This one is in Rails from three years ago and is full of CSRFs! This one is in Ember! This one is hard-wired to a five-year-old version of WordPress!

Yeah, it’s definitely the organisations which are the problem.

Bristol Mini Maker Faire

Today I took my 6 and 2 year olds into town to look around the Bristol Mini Maker Faire. It was really good and highly recommended.

We saw the Nao and Baxter robots from Active8 Robotics, a laser cutter from Just Add Sharks in action making press-out catapults, Raspberry Pi-powered wheel and track robots from Dawn Robotics and plenty of other things.

The kids were particularly taken by a couple who reverse-engineered childrens’ electronic toys like the Furby or basic motor-controlled toys and had them rigged up to simple push buttons to make them work.

We also liked seeing how Is Martin Running? works, and playing on the Makey Make.

They were sadly a bit too young to make their own shonkbot or get a Petduino (needs soldering) but watching the RepRapPro in action was a novelty, and we came away with some printed robot figurines which they treasured!

Many thanks to the chap from Ragworm who valiantly tried to explain how circuit boards are printed to my 6 year old 🙂 it will no doubt be easier to comprehend when our Flotilla kit arrives!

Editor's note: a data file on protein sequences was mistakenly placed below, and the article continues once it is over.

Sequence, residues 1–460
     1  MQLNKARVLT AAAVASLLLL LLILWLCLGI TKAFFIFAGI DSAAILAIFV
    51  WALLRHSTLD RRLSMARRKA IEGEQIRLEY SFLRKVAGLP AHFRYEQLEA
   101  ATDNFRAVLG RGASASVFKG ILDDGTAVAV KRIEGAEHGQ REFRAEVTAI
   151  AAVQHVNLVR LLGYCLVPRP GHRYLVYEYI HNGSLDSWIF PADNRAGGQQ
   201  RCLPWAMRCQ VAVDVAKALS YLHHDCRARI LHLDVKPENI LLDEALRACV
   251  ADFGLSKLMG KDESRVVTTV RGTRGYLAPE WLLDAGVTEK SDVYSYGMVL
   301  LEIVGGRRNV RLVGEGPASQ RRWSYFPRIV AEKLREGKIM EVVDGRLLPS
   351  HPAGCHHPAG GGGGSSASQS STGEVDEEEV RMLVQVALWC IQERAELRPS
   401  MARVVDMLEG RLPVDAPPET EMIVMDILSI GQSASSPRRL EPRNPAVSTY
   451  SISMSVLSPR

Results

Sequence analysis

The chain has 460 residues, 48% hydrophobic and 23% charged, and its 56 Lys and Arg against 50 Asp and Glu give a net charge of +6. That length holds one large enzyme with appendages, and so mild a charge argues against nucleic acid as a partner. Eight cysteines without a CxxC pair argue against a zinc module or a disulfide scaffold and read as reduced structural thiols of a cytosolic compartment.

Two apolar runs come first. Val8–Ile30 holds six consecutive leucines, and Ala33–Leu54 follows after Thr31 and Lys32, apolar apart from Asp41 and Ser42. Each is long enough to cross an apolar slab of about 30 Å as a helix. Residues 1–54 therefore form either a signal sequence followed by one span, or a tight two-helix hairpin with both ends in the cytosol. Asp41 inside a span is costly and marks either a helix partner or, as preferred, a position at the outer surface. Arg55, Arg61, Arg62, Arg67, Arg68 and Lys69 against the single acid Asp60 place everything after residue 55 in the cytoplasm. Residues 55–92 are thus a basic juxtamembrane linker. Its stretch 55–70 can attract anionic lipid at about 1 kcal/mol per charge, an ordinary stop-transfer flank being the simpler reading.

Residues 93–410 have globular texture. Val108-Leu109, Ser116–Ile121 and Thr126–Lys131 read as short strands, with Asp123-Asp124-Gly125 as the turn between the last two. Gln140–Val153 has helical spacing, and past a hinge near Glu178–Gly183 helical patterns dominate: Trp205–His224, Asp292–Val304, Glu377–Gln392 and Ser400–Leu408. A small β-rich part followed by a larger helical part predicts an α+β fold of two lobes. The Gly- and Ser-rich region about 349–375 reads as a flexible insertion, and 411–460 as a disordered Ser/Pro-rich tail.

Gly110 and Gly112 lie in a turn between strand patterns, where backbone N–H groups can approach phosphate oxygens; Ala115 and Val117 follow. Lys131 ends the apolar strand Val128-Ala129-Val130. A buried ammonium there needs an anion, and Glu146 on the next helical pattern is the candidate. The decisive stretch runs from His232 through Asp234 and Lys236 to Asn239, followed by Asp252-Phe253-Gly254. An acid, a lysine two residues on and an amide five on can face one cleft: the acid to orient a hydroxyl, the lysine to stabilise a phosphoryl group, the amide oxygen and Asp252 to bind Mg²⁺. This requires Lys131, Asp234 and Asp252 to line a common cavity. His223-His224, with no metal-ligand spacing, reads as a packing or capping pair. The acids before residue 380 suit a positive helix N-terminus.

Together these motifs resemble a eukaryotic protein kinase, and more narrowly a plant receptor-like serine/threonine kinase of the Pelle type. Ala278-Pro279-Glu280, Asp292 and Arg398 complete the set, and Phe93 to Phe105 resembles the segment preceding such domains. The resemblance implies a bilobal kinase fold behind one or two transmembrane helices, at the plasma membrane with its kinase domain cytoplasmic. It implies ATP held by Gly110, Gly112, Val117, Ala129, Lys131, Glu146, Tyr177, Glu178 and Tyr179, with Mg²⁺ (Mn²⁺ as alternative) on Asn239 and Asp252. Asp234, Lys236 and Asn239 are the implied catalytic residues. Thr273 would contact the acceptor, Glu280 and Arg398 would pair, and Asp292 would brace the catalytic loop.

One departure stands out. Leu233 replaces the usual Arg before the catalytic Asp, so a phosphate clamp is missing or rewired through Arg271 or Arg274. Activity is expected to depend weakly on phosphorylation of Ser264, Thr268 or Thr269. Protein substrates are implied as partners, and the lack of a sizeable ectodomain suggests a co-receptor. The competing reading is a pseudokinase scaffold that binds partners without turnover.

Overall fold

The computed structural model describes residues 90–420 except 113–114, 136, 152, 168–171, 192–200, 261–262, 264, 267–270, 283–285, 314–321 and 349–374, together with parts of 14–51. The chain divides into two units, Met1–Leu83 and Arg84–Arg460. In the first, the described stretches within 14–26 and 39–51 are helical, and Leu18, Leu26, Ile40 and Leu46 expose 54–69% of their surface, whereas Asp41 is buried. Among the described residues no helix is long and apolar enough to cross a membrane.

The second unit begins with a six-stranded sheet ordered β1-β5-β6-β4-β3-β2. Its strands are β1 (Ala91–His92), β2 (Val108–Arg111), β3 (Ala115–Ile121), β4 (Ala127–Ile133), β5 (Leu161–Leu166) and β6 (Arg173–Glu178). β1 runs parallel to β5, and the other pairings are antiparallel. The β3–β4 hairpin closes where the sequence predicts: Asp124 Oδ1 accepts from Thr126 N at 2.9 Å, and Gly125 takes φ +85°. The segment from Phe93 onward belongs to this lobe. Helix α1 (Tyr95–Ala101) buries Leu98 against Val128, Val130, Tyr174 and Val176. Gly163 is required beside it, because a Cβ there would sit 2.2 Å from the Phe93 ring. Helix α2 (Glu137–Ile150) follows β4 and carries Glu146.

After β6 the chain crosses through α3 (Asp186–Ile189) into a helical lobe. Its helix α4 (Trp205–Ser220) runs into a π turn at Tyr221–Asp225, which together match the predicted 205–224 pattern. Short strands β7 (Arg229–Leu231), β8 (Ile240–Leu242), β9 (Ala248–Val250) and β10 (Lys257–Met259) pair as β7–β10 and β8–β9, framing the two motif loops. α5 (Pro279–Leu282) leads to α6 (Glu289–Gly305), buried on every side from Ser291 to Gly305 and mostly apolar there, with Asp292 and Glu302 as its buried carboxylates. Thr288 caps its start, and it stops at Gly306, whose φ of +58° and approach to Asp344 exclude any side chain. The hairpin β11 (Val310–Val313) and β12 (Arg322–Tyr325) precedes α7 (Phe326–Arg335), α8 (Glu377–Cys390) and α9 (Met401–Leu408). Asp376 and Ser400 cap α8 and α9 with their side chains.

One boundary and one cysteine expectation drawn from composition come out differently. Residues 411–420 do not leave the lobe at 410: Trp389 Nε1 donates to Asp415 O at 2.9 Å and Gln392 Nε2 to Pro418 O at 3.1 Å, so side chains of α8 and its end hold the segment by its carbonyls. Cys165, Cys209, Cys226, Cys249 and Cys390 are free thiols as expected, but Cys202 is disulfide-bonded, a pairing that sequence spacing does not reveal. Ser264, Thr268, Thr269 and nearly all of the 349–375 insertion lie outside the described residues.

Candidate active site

There was lots of other homebrew displays from people who used the Bristol Hackspace and I’m only sorry I can’t remember the names of their projects, but we all enjoyed it thoroughly!

Here’s looking forward to the next one!

Verically aligning code

I remember being a new developer and thinking that vertical alignment of code, whilst having some minor upsides, was just too damn ugly to do.

Now I’m much older and the less time I have to spend parsing someone else’s code before I can see if it’s correct or not, the better.

Vertical alignment, the vast majority of the time, does make code vastly easier to read, and although it may have some diff-based downsides, they tend to be one-off rather than perpetual. I know which cost I’d rather bear.

Just hanging out

I have started working from home one day a week to help make up the hours I lose by taking my son to school in the mornings.

This week, on my day at home, I wanted to have a remote talk with some people in the office. “Easy”, we all thought, “we’ll just use Google Hangouts”. Wrong.

Laggy, constant dropouts, confusing UI. In the end I hung up in frustration and we IMd to exchange Skype details and used that, which was near-perfect.